I just finished reading Julian Betts’s essay “The Economic Theory of School Choice” in his (excellent and remarkably inexpensive) edited collection Getting Choice Right. For the most part I don’t expect to find really new ideas about school choice in what I read, so it was a thrill to find something I hadn’t encountered before. The contributors all assume (correctly in my view) that school choice is an inevitable feature of the education system, so the issue is how to get it right—in other words, how to make it as efficient and equitable as possible (self-styled opponents of school choice tend to support the de facto status quo, a school choice system riddled with inefficiencies and inequities).
The most obvious barrier to a school choice being efficient and to it being equitable is the fact that in a choice system schools get to choose students, leading, one presumes, to a concentration of advantaged students into popular schools. Defenders of choice usually offer three solutions to this problem; lotteries (preventing schools from choosing); quotas (allowing them to choose but limiting their ability to select for advantage) and weighted student funding (allowing them to choose, but giving them incentives to choose disadvantaged children, and compensating schools which get landed with high concentrations of disadvantage). (I suggest a combination of these in my proposal at the end of School Choice and Social Justice).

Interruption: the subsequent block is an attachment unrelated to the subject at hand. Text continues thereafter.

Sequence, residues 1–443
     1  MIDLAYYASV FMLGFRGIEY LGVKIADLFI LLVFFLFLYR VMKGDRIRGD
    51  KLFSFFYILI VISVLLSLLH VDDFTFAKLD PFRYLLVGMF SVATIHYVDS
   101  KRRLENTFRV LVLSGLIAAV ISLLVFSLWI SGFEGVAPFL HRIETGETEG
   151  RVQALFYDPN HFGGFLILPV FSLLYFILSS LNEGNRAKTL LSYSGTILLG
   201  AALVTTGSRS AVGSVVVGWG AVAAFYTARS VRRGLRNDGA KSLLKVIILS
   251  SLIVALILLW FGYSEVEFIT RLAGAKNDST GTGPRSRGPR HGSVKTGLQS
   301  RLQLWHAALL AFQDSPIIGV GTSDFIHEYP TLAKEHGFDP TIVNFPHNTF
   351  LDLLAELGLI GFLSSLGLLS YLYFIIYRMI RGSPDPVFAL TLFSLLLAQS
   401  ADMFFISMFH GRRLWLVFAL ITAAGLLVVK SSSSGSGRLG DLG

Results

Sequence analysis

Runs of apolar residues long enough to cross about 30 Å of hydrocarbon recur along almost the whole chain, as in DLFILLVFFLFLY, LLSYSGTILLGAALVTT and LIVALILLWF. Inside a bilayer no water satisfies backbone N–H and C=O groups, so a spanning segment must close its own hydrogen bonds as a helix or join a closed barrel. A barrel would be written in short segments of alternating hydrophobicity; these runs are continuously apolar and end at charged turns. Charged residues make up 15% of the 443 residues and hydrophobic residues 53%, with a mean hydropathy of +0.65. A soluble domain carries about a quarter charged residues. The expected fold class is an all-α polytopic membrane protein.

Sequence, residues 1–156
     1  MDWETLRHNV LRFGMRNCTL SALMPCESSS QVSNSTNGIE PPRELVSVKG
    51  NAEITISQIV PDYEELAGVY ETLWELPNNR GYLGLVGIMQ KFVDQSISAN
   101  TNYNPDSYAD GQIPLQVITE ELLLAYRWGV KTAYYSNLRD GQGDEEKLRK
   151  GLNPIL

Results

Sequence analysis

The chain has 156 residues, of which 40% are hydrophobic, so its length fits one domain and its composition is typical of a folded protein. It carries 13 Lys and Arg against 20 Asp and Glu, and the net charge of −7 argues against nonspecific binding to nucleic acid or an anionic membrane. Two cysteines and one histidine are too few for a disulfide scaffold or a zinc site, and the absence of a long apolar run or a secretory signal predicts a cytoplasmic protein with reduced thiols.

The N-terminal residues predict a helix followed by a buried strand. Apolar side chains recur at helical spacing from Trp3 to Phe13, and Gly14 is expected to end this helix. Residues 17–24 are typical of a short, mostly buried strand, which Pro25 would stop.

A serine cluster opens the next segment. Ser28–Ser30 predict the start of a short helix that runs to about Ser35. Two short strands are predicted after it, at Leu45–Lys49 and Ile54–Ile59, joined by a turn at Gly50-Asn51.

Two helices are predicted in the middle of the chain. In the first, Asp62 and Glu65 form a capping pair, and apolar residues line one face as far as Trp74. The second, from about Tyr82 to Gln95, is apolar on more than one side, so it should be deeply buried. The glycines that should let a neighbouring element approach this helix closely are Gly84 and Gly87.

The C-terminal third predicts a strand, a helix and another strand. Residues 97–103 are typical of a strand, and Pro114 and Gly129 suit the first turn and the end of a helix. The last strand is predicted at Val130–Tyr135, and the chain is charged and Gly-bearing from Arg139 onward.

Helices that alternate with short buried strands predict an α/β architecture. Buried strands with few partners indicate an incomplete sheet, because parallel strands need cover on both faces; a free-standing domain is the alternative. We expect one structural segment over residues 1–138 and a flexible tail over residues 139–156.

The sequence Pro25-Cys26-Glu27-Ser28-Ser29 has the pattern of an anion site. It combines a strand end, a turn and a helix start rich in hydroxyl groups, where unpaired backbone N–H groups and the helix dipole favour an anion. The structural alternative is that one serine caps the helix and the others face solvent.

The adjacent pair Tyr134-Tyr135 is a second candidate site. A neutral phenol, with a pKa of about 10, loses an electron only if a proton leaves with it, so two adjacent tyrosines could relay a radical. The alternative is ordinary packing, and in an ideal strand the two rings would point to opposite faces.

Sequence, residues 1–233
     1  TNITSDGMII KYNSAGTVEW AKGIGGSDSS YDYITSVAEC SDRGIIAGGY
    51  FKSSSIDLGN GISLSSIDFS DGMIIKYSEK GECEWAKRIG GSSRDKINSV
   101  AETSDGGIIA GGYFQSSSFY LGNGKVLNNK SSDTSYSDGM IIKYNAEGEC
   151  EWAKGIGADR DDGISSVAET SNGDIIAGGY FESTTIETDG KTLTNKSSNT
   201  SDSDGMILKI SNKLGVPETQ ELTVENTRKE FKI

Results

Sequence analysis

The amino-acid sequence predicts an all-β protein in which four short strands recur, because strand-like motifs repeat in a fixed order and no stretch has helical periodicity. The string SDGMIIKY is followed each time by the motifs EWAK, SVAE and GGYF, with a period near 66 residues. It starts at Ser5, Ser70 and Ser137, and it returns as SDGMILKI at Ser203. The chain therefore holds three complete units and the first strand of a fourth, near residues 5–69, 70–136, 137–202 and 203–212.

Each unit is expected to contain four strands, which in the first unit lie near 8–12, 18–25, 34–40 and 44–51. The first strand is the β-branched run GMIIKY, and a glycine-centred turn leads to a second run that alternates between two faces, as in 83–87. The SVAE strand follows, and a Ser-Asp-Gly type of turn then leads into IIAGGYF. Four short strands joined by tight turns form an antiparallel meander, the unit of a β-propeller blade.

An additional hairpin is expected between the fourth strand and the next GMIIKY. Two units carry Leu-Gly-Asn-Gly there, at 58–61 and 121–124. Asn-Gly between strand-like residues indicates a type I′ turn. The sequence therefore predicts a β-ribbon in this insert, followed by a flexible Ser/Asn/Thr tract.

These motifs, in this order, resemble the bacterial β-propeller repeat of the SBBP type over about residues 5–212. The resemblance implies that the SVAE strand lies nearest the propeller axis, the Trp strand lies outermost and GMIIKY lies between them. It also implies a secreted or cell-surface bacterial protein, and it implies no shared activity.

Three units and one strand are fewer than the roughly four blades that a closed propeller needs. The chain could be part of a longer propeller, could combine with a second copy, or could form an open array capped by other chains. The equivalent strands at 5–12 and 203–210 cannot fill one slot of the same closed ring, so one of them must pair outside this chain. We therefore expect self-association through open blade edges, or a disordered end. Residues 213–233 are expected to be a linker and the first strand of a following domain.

So what’s new in Betts’s paper?
He suggests a fourth solution, adapted from energy and communications deregulation, which incidentally deals with a difficulty in the third solution. The problem with weighted student funding is figuring out how to set the weights—the idea is that a central planner decides how to compensate for disadvantage, but the truth is that no-one really knows how much weight to give (the proposals are mostly off-the-top-of-our-heads). Betts suggests this: first fund the schools equally on a per-student basis. Then distribute trade-able rights to admit highly advantaged students; and allow schools to auction those rights. Schools would then be forced to figure out how much they valued the money they were spending relative to the highly advantaged children they wanted. We don’t know what the outcome would be. At one end of the spectrum you’d have schools with high concentrations of advantage and not much money; at the other end of the spectrum high concentrations of disadvantage and loads of money. It would probably take a few years for administrators to work out what the real costs of disadvantaged children were; but they would have a powerful incentive to work it out.
There are numerous pitfalls in the proposal, including the incentives for administrators to mislabel kids, and for sellers of rights to collude, but Betts provides plausible solutions to these. He only proposes it at the district level, but of course it is more attractive as a regional or statewide proposal (imagine the suburban districts around Milwaukee having to buy the rights to admit highly advantaged children from Milwaukee public schools). As a public proposal, I imagine that its dead in the water, but that’s ok—that’s what I was told about admissions lotteries in the UK when I first suggested them in 2000.
Anyway, just thought I’d share my enthusiasm about a new idea.